Cyberchondriac. I had not heard that term until recently. I came across this word when reading the book, Medical Myths That Can Kill You: And the 101 Truths That Can Save, Extend, and Improve Your Life by Nancy L. Synderman, MD. I won't do a review of the book since I didn't complete it due to the cyberchondriac comments in the first part of the book. So, what exactly is a 'cyberchondriac?' According to Dr. Synderman's book, "They're people who are convinced they've caught every disease on the Web. They feel a symptom, look it up on the Internet, and diagnose themselves." She also mentions that a person would be on the web at least six times a month trying to "diagnose a disease prior to consulting a doctor." Obviously, Dr. Synderman doesn't have a chronic illness, and everyone does not have to privilege of being in a position, such as a doctor, that commands respect. Many people are forced to become "cyberchondriacs" because of the lack of respect and disbelief from some in the medical community.
In all fairness, this book contends that "an educated patient is a good patient.” And it encouraged the use of mainstream resources to educate oneself after receiving a diagnosis. I will agree also that the physician's time is limited, and a person would not want to waste time browsing through a host of papers that was printed off the internet during their appointment. There are three points that can help us to have a balanced viewpoint whether we are a patient or a physician. Perhaps better communication can bridge the gap between the patient and doctor.
Point I - We Did Not Go To Medical School.
To illustrate: As a school bus driver for many years, I encountered parents, teachers, and principals when experiencing problems with certain students. One of my idiosyncracies is a parent or principal trying to tell me how to run my bus. We have specialized training on how to deal with students and problems, and we also have federal, state, and school board regulations to follow. So, when someone tries to make a change, he could be placing the driver’s job at risk. My feeling regarding my profession helped me to understand how a doctor would feel if I came into the office trying to tell him/her how to do his/her job. Let the doctor do his work, and after he has reached the conclusion that nothing is wrong but your body feels otherwise, then you should tactfully share your thoughts or information. If the physician is not open to discuss other possibilities or he or she has labeled you as a hypochondriac, cyberchondriac, drug-seeker, depressed, hormonal, or difficult patient, find another doctor! Life is too short to waste your time with unreasonable people. You have a quality of life to find.
Point II - Do Not Hide Your Frustration.
Many of us with fibromyalgia and chronic fatigue syndrome may have experienced many years of suffering before being taken seriously. Many of us have been abused, disrespected, ignored, discriminated against, and deeply hurt by some in the medical field, whether doctors, nurses, or other support personnel. So, when we're in the doctor's office, we may have "an attitude" because of the pain and frustration that we may have experienced for years. And this is compounded with a painful, chronic condition that everyone is saying is psychosomatic. Don't hide your frustration! When visiting the doctor, especially a new one, we can respectfully express before the visit begins how frustrated we are because of...(pain, past physicians, family problems) - whatever the cause of your feelings. I have opened the conversation with the words, "Excuse my frustration and I'm really trying not to be difficult, but I feel that there is something else going on." If the doctor still don't take you seriously, ask if there is someone that he can refer you to that may be able to look further.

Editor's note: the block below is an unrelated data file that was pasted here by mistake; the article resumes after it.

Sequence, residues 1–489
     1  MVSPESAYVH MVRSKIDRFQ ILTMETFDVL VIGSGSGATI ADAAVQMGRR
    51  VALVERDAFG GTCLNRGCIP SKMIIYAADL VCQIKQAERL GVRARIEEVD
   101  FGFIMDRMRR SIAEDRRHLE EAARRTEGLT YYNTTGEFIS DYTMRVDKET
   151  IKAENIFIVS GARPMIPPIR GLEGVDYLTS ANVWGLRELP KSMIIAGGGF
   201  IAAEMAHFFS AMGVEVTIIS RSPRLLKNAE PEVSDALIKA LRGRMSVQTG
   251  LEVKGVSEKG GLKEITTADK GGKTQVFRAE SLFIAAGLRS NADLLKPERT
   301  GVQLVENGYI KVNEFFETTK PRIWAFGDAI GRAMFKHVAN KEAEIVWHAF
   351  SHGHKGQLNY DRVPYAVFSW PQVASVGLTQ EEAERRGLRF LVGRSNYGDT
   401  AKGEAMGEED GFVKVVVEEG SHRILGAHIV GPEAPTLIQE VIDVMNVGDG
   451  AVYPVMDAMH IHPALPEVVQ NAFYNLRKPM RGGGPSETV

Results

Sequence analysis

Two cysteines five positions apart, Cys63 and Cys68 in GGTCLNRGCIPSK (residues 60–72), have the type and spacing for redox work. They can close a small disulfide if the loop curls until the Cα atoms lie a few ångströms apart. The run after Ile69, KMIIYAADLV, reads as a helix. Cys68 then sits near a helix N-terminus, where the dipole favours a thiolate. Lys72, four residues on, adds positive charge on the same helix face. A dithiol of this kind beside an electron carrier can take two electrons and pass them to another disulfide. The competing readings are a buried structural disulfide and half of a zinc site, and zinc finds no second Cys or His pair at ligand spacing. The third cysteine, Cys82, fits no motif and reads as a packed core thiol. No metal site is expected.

Point III - Remain Objective
A person may have strong feelings about what he thinks is wrong, but it may be an entirely different problem that needs to be diagnosed. The doctor may see signs of depression or anxiety, but you may feel that if you "give in" to this diagnosis that it would be the end of the journey to find out what's really wrong. It is depressing knowing something is wrong with you and no one, including those closest to you, believes you. Also, the quest for answers may bring on anxiety. If we remain objective, then we can take care of problems that could be compounding our undiagnosed condition. We can encourage our physician to remain objective by exploring the possibility that our anxiety or depression is a reaction to the lack of a diagnosis or lack of an effective treatment plan.
Have you figured out if you are a cyberchondriac?
Well, if taking back control of my life by researching information that will enable me to gain a measure of quality of life, I guess I am one. If searching for answers for unanswered questions about my health because of the failure of some in the medical community, then, I guess I am one. If increasing my knowledge of my symptoms so that I can have an intelligent conversation with those on my medical team, I would again say that I am one. Are you?